Not you too...! Scrolling on your phone in bed could land you with a hefty dentist’s bill[Dagmar Gilden | 13.11.2023 :]
According to Dagmar Gilden, the Head of Property Insurance at Seesam, the company deals with hundreds of cases every month where mishaps occurring in the course of the most mundane activities leave people unfit for work (often for lengthy periods) or lead to significant treatment costs.
“A lot of these cases are linked to falls at home, in the garden, on the street or in car parks, but from time to time we’ve paid out on accident insurance claims that surprise or raise a laugh among even our most experienced claims handlers,” she explains.
Gilden says such cases include actual trauma arising from people lying in bed scrolling through their phones and then dropping them on their face. “In some cases the damage has been limited to broken glasses, a bruise or two and some minor pain,” she recalls. “But others have resulted in eye damage and chipped teeth.”
Most of the claims submitted to Seesam, however, are for incidents whose risks most people are able to foresee.
“Back in spring we surveyed 500 people to find out what sort of accidents they dread most,” Gilden explains. “More than a third said slipping or falling over on an even surface, particularly in bathrooms, while a quarter said falling while climbing up or down stairs.”
Gilden notes that although more common during colder weather, falls are not restricted to winter – people also take tumbles on wet grass in their yards, when going swimming in lakes, while cleaning, when stepping out of cars onto muddy patches of ground and, of course, on wet bathroom floors. Falls on stairs and from ladders are slightly less common, but insurance statistics show that they often lead to more serious consequences. “The amounts we’ve paid out for falls from ladders have been 23% higher than those for falls on even surfaces,” she says.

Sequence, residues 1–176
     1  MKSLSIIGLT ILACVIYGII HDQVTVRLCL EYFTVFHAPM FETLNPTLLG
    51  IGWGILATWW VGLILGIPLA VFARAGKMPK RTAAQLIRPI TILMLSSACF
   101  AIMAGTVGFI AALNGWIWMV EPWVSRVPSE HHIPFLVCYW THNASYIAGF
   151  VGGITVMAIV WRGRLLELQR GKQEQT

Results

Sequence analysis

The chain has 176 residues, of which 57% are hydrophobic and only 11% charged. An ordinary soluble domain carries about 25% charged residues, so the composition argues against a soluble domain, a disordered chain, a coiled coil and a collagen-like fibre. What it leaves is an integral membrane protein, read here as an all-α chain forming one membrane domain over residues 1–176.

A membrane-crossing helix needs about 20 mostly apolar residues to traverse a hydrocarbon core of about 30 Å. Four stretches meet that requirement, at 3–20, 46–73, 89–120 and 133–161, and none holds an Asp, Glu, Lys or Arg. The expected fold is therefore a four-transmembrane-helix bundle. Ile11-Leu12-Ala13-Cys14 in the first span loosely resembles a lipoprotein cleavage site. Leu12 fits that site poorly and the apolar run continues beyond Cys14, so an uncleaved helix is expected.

Gilden says that falls involving bicycles are becoming more frequent: in the first nine months of 2023, Seesam indemnified 30% more cases of this kind than it compensated in the whole of 2022. Self-inflicted injuries, she adds, continue to occur as commonly as ever.
“These include things we’ve all done in our lives, like stubbing our toes on door frames, knocking against furniture or missing the nail with the hammer and hitting our thumbs instead,” she explains. “Unfortunately, we’re also still seeing plenty of incidents where people are injuring themselves – sometimes less seriously, sometimes more so – in the course of their work, because they’ve gone about it the wrong way or due to carelessness on their own part or that of a colleague.”
Gilden notes that sports-related injuries are also on the rise. “It’s great that so many people are leading active, healthy lives, going to the gym or out for a run or working out at home,” she says, “but you ought to insure yourself against accidents occurring in the course of exercise as well. We’ve seen cases where people have hurt themselves when using dumbbells and other equipment at home, from hitting the floor when doing aerobics, from tripping over when out running on dedicated tracks and a host of other causes, all of which can result in pain and time off work. There’s been an almost 40% rise in the number of sports-related claims we’ve received compared to last year.”
Gilden says the Seesam survey revealed that people are also concerned about injuries arising from dog attacks. “Thankfully we haven’t seen too many such cases, but accident insurance covers a variety of incidents caused by pets as well,” she notes.
“For example, if a dog suddenly pulls on its leash it can cause quite serious injuries, including torn ligaments. We’ve also dealt with cases where overexcited dogs have jumped on their owners with such force that the people have fallen over and damaged their coccyx. Compensation can be of great help in such instances, not only in recovering from injuries, but also in restoring good relations between dog and owner!”